Bravo, Tom Wolfe: The Me Decade Sparks the We Decade

By Marilynn Preston

June 5, 2018 6 min read

Have you heard of the "Me Decade"? I hope so. I've been thinking about it a lot lately, ever since the recent death of Tom Wolfe, the journalist, author and natty dresser.

Wolfe coined the term in his landmark New York magazine cover story "The 'Me' Decade and the Third Great Awakening," published in 1976, the same year this column got started. After he died, I reread the piece, a powerful example of New Journalism at its earliest best.

(Hang in there. We'll be connecting to your personal well-being in just a moment.)

In the '60s and '70s, Wolfe explained, thanks to the post-World War II wavy-gravy train, business-couldn't-be-better economic boom, there was a tremendous shift in U.S. culture, especially in the counterculture.

He thought of it as a recovery of the self during a chaotic and corrupt American era, a significant move toward greater self-determination and more self-examination.

"The new alchemical dream is: changing one's personality — remaking, remodeling, elevating, and polishing one's very self," Wolfe reported, decades before contemporary neuroscience proved how possible that is.

Ordinary people — Wolfe called them "the common man," but believe me, women were waking up, too — began to wonder about extraordinary things: their inner selves, and how to organize mind, body and spirit to build strong, healthy relationships and meet the challenges of the day.

Call it individuation, self-actualization or the Human Potential Movement; this healthy instinct to explore the self had consequences:

—More yoga, more meditation, more bike lanes, more community gardens.

—More interest in body-mind therapies, both Western and Eastern.

—More interest in clean food, clean energy, a clean sustainable environment, time in nature.

—More understanding of the interconnectedness of all beings/things.

—More attention paid to service, volunteering, working communally.

—And yes, more interest in me, me, me.

Wolfe wrote brilliantly, journalistically, about the impact and the excesses of the Me Decade. But some culture critics of the day denounced it, considering this turn inward to be a kind of social pathology, selfishness on steroids, narcissism gone wild.

Yes, back in the late '60s and '70s, there was more freedom to explore drugs, sex and rock 'n' roll, but that's not all that was going on.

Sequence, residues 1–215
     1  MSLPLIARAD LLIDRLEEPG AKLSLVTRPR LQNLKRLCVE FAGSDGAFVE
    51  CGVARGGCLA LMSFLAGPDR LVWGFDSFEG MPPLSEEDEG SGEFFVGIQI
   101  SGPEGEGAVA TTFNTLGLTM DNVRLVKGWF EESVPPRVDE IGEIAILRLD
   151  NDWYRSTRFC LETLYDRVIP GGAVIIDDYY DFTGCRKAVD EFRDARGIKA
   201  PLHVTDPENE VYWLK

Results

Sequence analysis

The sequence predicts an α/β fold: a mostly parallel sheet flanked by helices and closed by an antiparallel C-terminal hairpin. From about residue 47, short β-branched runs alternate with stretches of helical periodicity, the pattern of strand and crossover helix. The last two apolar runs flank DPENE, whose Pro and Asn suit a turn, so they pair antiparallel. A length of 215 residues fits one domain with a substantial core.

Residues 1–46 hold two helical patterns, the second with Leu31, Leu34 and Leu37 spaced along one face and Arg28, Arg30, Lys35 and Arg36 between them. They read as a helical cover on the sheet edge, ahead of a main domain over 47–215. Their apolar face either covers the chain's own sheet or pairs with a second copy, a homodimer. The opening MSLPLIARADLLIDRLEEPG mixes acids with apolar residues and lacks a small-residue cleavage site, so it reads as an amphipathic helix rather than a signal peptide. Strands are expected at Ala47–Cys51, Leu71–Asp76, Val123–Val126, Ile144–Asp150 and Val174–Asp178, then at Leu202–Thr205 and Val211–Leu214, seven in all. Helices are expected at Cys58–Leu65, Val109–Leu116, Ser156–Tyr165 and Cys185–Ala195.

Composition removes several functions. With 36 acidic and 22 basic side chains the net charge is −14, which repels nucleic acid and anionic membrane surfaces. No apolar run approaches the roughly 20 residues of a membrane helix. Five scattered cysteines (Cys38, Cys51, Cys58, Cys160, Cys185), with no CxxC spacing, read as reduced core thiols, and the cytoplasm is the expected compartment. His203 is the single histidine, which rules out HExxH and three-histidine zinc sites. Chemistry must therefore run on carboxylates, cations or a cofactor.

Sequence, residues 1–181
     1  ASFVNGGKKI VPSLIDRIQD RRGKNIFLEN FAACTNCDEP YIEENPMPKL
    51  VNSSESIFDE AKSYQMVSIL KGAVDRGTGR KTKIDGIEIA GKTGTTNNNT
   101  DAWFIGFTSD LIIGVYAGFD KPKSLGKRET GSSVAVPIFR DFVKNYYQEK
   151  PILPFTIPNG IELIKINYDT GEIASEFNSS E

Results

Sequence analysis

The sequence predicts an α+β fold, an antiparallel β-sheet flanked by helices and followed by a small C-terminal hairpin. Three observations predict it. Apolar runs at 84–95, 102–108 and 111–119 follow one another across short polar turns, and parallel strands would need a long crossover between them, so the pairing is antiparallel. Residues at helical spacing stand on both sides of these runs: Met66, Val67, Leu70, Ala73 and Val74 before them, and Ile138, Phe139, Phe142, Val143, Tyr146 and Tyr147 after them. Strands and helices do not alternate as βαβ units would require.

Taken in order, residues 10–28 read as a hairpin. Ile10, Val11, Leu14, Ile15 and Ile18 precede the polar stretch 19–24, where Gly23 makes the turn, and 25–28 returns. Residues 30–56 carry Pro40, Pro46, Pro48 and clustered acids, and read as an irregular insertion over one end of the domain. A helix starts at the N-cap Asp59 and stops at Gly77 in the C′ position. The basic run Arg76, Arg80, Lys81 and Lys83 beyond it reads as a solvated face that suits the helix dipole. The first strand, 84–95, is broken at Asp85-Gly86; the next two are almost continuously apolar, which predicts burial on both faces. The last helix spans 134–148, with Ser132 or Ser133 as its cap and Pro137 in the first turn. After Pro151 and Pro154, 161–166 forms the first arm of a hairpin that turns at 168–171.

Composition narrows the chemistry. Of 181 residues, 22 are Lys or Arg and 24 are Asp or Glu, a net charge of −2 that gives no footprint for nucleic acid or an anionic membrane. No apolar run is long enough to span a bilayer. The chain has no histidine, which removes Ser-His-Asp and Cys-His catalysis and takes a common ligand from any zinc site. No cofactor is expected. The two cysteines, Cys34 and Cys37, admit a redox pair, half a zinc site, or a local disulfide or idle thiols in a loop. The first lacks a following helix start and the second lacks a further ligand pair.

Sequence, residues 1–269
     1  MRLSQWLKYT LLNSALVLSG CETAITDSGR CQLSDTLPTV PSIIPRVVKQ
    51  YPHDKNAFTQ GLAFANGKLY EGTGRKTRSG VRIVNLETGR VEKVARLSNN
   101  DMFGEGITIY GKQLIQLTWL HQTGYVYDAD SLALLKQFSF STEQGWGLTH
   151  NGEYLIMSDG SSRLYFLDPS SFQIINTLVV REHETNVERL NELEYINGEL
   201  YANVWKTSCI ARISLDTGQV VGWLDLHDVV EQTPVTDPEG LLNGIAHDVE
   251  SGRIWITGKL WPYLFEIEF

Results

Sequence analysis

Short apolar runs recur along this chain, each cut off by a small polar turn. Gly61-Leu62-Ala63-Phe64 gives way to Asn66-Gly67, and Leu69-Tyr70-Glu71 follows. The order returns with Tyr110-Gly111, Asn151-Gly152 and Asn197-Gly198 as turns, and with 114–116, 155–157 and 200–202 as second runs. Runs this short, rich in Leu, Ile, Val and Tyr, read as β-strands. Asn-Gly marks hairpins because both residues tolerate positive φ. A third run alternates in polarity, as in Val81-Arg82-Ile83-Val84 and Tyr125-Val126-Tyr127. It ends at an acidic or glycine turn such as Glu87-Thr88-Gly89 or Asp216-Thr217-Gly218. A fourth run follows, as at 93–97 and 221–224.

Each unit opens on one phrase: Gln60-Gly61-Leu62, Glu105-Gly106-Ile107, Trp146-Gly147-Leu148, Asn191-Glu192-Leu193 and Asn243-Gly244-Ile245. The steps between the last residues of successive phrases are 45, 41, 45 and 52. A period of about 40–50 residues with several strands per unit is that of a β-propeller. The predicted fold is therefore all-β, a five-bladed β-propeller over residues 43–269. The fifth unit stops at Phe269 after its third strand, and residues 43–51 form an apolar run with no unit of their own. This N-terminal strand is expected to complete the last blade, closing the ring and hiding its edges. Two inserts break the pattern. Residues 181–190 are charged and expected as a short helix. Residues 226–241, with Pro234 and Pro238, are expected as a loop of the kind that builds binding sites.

The Me Decade (overall — not every dizzying Peter Max expression of it) was a healthy development in our unfolding awareness of what it takes to build, sustain and defend our personal well-being.

My favorite mantra back then? "Question authority."

(My least favorite? "Steal this book," but I've got a horse in that race.)

The Me Decade led to decades more of aspirational living, with endless self-help books, trainings and Esalen-style workshops to help men and women, girls and boys, explore their human potential.

Who am I? Why am I here? What do I value? What do I plan to do with this one big juicy life?

These are all Me Decade questions, but they're not based in pathology, and there's no proof they are the gateway drug to increased narcissism. (You can't say this about Facebook or Instagram.)

Call me a Me Decade groupie, but I'm thrilled to see so many millions of Americans decades later on the self-directed path to greater health and happiness, more kindness and respect, for themselves and others.

Self-exploration — recovery of the self during a chaotic and corrupt American era — isn't selfish these days; it's mandatory. The truths of the Me Decade speak to us now more than ever: Take time for yourself so you can offer strength and stability to others. Get enough sleep. Stay positive. Be vigilant when it comes to technology. Slow down and figure out what well-being means to you, and how to get there, both as an individual, and as part of a conscious community.

The Me Decade has brought us here. And the bottom-up work of social change continues. It involves a lot of listening, respecting and finding common ground.

The Me Decade can lead us into a more harmonious We Decade, starting with the vote in November. Because we're all in this together, and the sooner we listen compassionately to each other and, for example, guarantee free health care for all, the better.


"If I am not for myself, who will be for me? If I am not for others, what am I? And if not now, when?" — Hillel

Marilynn Preston is the author of Energy Express, America's longest-running healthy lifestyle column. Her new book "All Is Well: The Art {and Science} of Personal Well-Being" is available now on Amazon and elsewhere. Visit Creators Publishing at to learn more. For more on personal well-being, visit

Photo credit: at Pixabay

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